Vote stealing in the 26th district. How do I know?

Jay Travis 1

How do I know there was vote stealing in the 26th State Representative District race in which incumbent and pension thief Christian Mitchell is leading Jay Travis by around 400 votes?

Because 3rd Ward Alderman Pat Dowell said, “Jay Travis is a sore loser and a desperate losing candidate. Her accusations are preposterous. I respect the voting process and I would never do electioneering at the polling place — that’s illegal.”

When a Chicago Alderman says that the accusations of electioneering at a polling place are “preposterous” because its “illegal,” then you know that is just what they did.

When they go, “moi?”

Guilty.

Plus people saw the stealing going on.

CTU VP Jesse Sharkey saw them handing out wrong ballots where he was poll watching.

Poll watchers at three other precincts  were given final vote tallies that read zero across the board, making it impossible for them to compare the numbers they saw at the polls with what was reported to the Chicago Board of Election Commissioners.

And Alderman Dowell says accusations of vote stealing and electioneering are preposterous.

In Chicago!

Damn. I watched a former Machine Democratic Committeemen electioneering where I was poll watching. It was only when I got up and stood right next to him that he stopped and left.

As of now, Jay Travis says it is too close to call and is not issuing a concession.

They’re calling Travis a sore loser.

Good. We all should be sore about cheating in an election.

First they said that her campaign wasn’t viable.

But in the final days, corporate and charter donations were flying into Christian Mitchell’s campaign bank account by those who were terrified that Jay was a hell of a lot more than just viable.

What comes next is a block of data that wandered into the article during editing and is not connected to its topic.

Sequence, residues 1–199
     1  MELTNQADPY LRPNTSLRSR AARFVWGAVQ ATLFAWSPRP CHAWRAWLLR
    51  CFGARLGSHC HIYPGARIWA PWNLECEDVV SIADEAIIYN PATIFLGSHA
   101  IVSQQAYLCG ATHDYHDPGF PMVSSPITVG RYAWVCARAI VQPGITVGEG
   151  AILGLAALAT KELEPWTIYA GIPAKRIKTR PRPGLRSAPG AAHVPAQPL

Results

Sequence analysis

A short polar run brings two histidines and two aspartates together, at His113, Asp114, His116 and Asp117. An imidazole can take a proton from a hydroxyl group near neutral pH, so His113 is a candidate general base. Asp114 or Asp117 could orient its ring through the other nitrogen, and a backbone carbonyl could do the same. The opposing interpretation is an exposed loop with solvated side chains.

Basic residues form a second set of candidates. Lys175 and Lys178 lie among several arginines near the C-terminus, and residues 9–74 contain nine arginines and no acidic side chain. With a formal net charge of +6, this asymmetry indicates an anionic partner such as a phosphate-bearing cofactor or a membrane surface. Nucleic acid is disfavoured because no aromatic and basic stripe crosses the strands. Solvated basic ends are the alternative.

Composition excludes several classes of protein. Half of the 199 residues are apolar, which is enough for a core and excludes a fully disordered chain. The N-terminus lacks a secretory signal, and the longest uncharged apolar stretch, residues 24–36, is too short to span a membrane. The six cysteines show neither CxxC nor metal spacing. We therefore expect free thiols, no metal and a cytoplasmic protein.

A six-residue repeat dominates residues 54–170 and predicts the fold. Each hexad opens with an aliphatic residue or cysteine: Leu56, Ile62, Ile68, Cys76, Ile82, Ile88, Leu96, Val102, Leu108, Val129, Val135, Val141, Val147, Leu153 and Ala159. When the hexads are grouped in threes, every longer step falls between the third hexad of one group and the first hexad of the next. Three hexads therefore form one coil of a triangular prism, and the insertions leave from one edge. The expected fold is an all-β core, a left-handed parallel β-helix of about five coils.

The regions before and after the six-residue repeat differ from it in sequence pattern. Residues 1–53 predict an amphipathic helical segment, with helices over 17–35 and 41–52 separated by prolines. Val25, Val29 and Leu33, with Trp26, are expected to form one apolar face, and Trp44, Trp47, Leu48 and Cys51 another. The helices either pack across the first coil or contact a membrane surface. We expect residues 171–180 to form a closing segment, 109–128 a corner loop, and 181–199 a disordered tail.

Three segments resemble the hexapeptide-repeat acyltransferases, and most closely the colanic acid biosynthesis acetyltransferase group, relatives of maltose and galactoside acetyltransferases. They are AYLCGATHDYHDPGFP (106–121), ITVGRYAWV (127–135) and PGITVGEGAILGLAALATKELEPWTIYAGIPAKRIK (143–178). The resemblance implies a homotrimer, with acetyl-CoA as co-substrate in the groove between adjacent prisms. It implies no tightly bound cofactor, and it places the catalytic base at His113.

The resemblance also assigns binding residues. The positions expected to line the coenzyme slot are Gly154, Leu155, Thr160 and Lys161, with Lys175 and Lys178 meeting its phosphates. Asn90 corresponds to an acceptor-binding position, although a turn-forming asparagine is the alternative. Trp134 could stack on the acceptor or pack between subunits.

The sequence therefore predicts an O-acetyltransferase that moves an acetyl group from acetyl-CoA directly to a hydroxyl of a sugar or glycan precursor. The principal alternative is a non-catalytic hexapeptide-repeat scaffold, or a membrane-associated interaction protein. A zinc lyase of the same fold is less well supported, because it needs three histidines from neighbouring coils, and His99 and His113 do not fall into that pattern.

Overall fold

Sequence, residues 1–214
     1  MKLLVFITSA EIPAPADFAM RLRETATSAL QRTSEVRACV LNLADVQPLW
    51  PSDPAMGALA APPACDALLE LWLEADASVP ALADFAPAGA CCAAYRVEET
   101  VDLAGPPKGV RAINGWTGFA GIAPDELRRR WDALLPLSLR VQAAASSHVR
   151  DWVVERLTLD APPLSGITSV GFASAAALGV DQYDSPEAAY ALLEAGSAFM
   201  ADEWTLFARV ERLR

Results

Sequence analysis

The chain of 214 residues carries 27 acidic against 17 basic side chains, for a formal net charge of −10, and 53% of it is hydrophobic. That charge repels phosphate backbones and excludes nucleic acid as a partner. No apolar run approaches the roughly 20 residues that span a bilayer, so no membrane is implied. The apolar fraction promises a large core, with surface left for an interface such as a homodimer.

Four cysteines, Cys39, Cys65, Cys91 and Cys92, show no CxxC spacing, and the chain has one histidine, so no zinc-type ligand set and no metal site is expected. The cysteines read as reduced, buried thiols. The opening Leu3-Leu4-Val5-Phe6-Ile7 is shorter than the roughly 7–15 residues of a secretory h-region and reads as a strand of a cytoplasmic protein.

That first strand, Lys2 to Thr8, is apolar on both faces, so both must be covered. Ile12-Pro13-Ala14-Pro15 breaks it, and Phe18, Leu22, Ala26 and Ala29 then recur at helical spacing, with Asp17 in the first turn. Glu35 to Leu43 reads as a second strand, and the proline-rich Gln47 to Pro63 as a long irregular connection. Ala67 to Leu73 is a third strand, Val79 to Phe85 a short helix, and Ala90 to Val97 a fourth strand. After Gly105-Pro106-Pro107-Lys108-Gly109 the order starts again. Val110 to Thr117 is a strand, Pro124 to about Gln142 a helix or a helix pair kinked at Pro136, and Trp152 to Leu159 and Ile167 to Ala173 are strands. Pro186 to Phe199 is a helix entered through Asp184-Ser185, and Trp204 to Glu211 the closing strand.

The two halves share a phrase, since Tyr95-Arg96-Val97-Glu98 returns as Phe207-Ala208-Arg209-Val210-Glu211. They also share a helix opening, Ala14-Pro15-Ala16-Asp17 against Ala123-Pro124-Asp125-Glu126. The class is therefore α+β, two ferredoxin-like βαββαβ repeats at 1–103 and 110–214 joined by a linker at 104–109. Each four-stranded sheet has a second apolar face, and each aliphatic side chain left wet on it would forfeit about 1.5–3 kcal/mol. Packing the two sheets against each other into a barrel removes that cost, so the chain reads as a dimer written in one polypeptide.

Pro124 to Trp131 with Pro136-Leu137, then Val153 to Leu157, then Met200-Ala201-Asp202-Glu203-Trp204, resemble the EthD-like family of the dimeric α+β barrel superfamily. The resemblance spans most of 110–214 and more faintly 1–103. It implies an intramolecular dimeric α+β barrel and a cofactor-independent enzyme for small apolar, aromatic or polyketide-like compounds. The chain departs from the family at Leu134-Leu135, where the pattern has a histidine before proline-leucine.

Did she win?

Maybe. If the count is fair and there was no cheating.

And a fair count is what everybody deserves.

Whether they are running on the north side or south side.

4 thoughts on “Vote stealing in the 26th district. How do I know?

    1. I heard a recount depends on how close the vote is, by percentage. If it is close enough, the recount is paid for by state funds of some kind. If the vote is not close enough, a candidate can still get a recount, but has to pay the costs involved.
      The question comes to mind, what if the candidate requests the recount, agrees to pay, and then the new count is close enough to qualify for the free recount. Do they still have to pay the cost? What about if after the recount they find Jay Travis won the election? Would the cost of the recount still need to be paid by her campaign? I get the feeling the cost of a recount is being used to make it easier to steal elections unchallenged.

  1. I no longer have the energy to be at a poll from dawn until the final count is called or communicated in. But from my first time in 1968 for “Cousins and Young” (for the Democratic convention) over by the projects through 2006 watching for the opposition in the 21st Ward (where the GDs had an inclination for Howard Brookins Jr.’s candidacy) through this one, let’s just agree that Chicago is Chicago.

    However, this. Two years ago, we “won” the 45th Ward aldermanic race for John Arena by fewer than 30 votes. The other side said it was going to demand a recount, then thought wisely not to. At some point, a recount is expensive and you have to play the percentages. Also, 300 to 400 votes is a lot to overcome. Perhaps the wisdom is to “pull a Guzzardi,” remain active, and be ready for the next time around. All those DFER and Stand for Children dollars will still be going for Christian Mitchell, just as all those Madigan and other dollars went to Berrios.

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